3 Reasons To Steer Clear Of A 2010-2013 Toyota Prius
I have owned, driven, and fixed a plethora of Prius over the years. As someone who has battled all the problems in the trenches, I have learned a thing or two about what ones are good and what ones to stay away from.
I can also tell you if you are looking to buy what to look for. Here are my three reasons to not buy a 2010-2013 Toyota Prius.
Reason Number One: Headgasket Failure
The generation 3 Prius was a complete redesign starting in 2010. Everything about it was new, including the larger 1.8L all-aluminum engine.
Owners loved these cars, at first. Then the issues started rolling in. The first significant problem people began to encounter was a failing head gasket. If you have not read my other article on knowing if your head gasket is failing, read it here.
Head gasket failure is an expensive repair. Most of the time, people let it go too long and end up bending a connecting rod; at that point, you are better off installing a new engine.
After doing multiple head gasket repairs on these cars, I can tell you if you do not catch it early, plan to trade the vehicle in or plan to put an engine in it.
If you can get a car with a bad head gasket for cheap enough and clean, it could be worth your time to have it repaired. Many generation 3 owners have reported 50 to 60 miles per gallon on a good working car, which could be worth it.
Costs for an engine swap or gasket repair usually range in the $2500 to $5000 range, something to consider when purchasing.
Reason Number Two: Inverter Failure
To be fair, Toyota did their best to recall any faulty inverter, but unlike Pokemon, they did not catch them all. Inverters still are failing, and do not expect the repair to be cheap.
A new OE inverter can run you well over $2000, not including diag time or labor to install. Refurbished units from other hybrid places are around $650 before install.
Not a cheap repair, and what is worse, there are no warning signs as to when it could fail. Buyer beware.
Reason Number 3: Ridiculous Maintenance
Two things that grind my gears on Gen 3 Prius are the EGR system that always gets plugged up and the electric water pump.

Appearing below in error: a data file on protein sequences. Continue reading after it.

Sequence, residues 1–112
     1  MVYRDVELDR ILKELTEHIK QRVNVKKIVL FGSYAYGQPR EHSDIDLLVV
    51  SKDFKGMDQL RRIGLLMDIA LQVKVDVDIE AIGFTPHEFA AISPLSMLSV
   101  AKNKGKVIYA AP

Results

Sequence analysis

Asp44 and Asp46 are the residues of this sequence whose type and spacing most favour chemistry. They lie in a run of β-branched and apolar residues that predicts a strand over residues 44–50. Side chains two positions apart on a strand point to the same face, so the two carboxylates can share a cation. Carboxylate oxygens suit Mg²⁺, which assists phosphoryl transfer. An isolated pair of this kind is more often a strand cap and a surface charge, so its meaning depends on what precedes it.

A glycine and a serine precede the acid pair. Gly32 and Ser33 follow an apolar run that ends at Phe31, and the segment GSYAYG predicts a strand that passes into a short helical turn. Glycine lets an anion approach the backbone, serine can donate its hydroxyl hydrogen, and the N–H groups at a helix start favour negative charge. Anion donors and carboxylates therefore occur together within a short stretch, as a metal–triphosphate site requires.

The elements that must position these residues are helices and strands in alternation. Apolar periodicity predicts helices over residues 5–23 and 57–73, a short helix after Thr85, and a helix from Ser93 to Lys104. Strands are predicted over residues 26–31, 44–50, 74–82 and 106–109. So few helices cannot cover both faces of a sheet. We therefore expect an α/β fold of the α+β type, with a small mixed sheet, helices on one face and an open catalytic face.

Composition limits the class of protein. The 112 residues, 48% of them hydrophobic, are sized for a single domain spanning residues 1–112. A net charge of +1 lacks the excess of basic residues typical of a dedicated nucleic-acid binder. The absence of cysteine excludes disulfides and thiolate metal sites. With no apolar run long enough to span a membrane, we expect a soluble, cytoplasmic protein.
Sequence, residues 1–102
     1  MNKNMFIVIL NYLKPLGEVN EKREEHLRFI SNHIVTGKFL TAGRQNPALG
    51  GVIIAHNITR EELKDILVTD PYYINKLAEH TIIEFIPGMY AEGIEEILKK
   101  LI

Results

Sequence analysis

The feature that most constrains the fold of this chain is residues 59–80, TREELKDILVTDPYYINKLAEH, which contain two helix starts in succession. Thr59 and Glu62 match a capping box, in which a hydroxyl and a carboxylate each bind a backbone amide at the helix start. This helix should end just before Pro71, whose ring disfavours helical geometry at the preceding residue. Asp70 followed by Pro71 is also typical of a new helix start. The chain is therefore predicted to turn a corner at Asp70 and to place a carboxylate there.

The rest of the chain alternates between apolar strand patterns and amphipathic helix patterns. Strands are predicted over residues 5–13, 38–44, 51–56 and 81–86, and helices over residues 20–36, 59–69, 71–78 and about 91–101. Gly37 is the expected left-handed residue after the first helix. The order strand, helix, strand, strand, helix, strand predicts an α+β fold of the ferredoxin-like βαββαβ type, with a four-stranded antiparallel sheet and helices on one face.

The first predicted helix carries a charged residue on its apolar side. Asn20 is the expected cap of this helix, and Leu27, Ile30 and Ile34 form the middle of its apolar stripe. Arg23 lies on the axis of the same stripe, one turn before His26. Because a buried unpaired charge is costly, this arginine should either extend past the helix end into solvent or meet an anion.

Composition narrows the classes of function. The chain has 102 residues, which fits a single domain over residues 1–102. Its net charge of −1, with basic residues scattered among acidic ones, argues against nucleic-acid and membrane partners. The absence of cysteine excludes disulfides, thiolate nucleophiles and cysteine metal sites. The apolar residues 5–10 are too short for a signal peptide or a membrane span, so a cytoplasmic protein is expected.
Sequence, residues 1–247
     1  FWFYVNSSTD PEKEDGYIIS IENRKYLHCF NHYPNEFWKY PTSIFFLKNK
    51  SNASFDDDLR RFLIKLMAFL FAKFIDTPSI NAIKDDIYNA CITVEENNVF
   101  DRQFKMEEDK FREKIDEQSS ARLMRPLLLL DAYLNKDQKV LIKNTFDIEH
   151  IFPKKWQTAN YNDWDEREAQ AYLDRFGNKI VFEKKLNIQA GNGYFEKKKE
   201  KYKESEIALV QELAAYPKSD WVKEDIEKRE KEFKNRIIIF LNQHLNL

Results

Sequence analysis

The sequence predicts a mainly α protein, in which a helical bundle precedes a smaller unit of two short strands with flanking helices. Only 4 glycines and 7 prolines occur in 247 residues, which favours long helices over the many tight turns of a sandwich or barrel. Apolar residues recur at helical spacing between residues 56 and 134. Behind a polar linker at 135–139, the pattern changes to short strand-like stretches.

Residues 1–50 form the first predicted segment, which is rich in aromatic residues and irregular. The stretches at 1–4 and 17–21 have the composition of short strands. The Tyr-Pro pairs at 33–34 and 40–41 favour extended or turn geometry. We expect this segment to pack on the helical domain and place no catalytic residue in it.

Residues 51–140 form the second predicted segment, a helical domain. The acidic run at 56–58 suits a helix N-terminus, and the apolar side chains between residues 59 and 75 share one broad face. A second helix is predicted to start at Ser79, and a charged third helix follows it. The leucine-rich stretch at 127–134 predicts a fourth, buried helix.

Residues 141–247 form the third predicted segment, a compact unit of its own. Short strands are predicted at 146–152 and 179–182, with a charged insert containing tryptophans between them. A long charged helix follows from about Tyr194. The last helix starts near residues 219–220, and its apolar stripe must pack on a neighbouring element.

I understand why the components are there, but honestly, is a regular water pump putting that much additional drag on the engine? Sure, an electric water pump can run when the car is off, but when these things fail, you are really stranded.
New pumps can cost around $650 to have replaced, and that does not include your tow. So, what about the EGR system? Glad you asked.
The EGR system is there to help lower tailpipe emissions which translates into a nightmare. When the exhaust is pushed back into the intake, it carries with it tiny bits of carbon.
These carbon bits get hung up in the cooler and all the tiny ports inside the intake manifold. The carbon builds upon itself and becomes a hardened nightmare to clean. Not to mention that you have to clean it, or it will help contribute to a faster-failing head gasket.
Unfortunately, we will always have carbon build-up as a by-product of the exhaust fumes getting pumped out through our exhaust systems. So, plan on spending a few hundred bucks every 90,000 miles or so to have the system cleaned out thoroughly.
Are Gen 3 Prius bad cars? Not necessarily; they can be pretty good and reliable if all the issues are dealt with and the vehicle has been well maintained. If the EGR is cleaned out regularly, oil changes are done on time, and any open recalls have been taken care of, these cars are pretty good.
As I stated earlier, if you can find a clean one with some issues and get it for cheap, it is worth the investment. But to buy a Gen 3 in an unknown condition is financial suicide.
I hope this helps. That is all for today. Be sure to check out some of my other articles on Prius and follow me on Twitter for all the latest updates trending in the hybrid and EV world. @the_hybrid_guy
Check out this wild new battery tech that Tesla has and why it will forever change the auto industry.
Peter Neilson is an automotive consultant specializing in electric cars and hybrid battery technologies. He holds a Bachelor of Science in Automotive Service Technology from Weber State University. Peter can be reached on Linkedin and you can tweet him at The_hybrid_guy on Twitter. Find his page on Facebook at Certified Auto Consulting. Read more of Peter's stories at Toyota news coverage on Torque News. Search Toyota Prius Torque News for more in depth Prius coverage from our reporters.